By Paul Chi.
In 1989, British sailor Tracy Edwards made history—and defied critics—by leading the first all-female crew to successfully complete the Whitbread Round the World yacht race, one of the longest and most grueling competitions of its kind.
Her inspiring story is featured in Alex Holmes’s exciting new documentary, Maiden, which chronicles Edwards’s intense 167 days at sea racing around the world. The film also presents a timely and relevant story about confident women breaking down barriers and overcoming institutionalized sexism in an insular community.
“I hope people—in particular girls—will see that you don’t have to be perfect to succeed,” said Edwards at the documentary’s New York premiere on Tuesday evening. “If you are doing something that you are absolutely passionate about, and truly believe that you can do it—you can do it. Anything is possible. I hope my story visibly demonstrates that. Many people did not think we could race, and we accomplished it. We believed in ourselves.”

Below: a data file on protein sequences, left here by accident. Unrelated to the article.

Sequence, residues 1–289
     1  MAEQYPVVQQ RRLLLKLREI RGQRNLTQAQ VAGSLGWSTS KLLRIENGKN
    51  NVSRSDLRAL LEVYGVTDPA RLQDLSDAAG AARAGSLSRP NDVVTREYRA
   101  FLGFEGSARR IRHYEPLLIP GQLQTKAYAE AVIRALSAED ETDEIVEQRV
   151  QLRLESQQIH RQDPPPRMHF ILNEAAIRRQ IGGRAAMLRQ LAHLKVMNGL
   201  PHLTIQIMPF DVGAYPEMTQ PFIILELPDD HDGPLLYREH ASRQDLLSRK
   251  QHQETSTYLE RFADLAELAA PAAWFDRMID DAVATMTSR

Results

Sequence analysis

The documentary, out June 28 in New York and Los Angeles, effectively mixes archival footage and new interviews with Edwards and her crew members, building a suspenseful story about their roughly 32,000-mile voyage while giving an intimate look into the sailing world.
“The sea is very honest, and there’s no gossiping behind your back. It’s telling tales right in front of you, and what you see is what you get,” said Edwards—who left home as a teen and moved to a seaside town, where she eventually talked her way into jobs on yachts. “And it makes me feel who I am. I feel quite awkward on land sometimes, and when I’m at sea, I don’t need to look or behave a certain way. I can just be out in the elements and feel like me. It’s freeing.”
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